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Residents helped to share memories of war

Thursday, 11 September 2014

The centenary of the First World War has been commemorated during an afternoon event at Reayrt ny Baie Resource Centre for older people, in Douglas. 

Residents, their families and invited guests enjoyed an afternoon of reminiscence featuring a talk, which explored how the Isle of Man endured the ordeal of the First World War, given by Matthew Richardson, Curator for Social History with Manx National Heritage and author of ‘This Terrible Ordeal’. 

David Quirk MHK, Member for the Department of Health and Social Care with responsibility for Adult Services, said:

'The staff have organised a fitting commemoration for the residents to mark the centenary of the start of the First World War.  Sharing memories like this helps to encourage a family atmosphere at the centre, building the confidence and self-esteem of the residents. The commitment of staff to providing a range of activities, events and trips for the residents and their families enhances the quality of life for everyone involved.'

Representatives from SSAFA, a charity committed to the lifelong support to anyone who is serving or has ever served in the British Forces and their families, chatted with residents about the support available to Forces members and their families, about serving in the Forces and memories of wartime. Terry Smith, a representative from SSAFA, lead the residents and guests in a moment of reflection by reading the famous  ‘In Flanders Fields’ poem, which was written during the First World War by Canadian physician Lieutenant Colonel John McCrae.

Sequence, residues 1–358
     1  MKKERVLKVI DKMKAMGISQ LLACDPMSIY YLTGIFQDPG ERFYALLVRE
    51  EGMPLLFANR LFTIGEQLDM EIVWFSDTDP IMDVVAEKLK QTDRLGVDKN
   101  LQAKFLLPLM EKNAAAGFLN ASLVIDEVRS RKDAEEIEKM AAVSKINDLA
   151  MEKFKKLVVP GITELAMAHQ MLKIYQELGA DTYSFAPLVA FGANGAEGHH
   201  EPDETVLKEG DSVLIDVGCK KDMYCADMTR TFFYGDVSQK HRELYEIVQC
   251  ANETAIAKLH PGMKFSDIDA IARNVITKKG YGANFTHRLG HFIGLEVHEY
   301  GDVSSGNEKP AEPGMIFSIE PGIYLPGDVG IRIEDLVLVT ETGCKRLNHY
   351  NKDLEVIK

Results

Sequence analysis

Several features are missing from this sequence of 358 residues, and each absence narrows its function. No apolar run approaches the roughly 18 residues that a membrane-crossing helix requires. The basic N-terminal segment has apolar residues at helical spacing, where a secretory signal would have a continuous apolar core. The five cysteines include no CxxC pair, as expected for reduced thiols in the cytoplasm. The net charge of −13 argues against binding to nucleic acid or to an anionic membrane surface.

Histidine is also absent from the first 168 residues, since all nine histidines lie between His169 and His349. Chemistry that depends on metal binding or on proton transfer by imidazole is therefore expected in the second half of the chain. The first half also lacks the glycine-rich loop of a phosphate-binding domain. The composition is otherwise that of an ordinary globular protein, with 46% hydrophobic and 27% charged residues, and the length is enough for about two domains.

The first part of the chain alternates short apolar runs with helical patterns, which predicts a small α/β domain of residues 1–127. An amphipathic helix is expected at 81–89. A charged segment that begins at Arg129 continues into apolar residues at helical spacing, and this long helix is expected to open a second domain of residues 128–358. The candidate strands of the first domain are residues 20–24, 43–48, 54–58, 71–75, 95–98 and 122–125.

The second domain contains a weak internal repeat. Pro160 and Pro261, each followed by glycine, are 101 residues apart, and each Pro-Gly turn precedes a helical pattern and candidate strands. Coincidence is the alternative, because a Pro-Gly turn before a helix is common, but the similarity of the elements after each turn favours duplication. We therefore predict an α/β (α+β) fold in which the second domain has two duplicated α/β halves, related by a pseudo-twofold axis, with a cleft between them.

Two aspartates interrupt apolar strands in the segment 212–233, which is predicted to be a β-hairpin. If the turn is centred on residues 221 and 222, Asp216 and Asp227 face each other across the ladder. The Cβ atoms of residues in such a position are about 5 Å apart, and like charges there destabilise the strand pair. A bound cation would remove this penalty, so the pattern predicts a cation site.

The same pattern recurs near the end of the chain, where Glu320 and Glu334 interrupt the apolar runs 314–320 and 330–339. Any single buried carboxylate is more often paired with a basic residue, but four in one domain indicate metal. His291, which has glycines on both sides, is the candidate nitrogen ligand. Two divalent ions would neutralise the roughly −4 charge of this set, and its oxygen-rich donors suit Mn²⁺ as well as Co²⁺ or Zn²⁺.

Linda Johnstone, Community Social Work Team, said:

'The Department’s resource centres, like Reayrt ny Baie, provide accommodation and respite care with a range of facilities designed to meet the needs of older people.' 

'The care given to residents is supported by the Community Social Work Team. Our aim is to help older people live in their own homes as independently as possible for as long as possible.  We offer support, advice and guidance to older people both at home, and in hospital by providing assessments of individual needs.' 

A buffet followed by themed musical entertainment, with a sing-a-long, brought the event to a close. Fundraising from a cake stall will be divided between the Residents’ Comfort Fund and the SSAFA.

Residents helped to share memories of war

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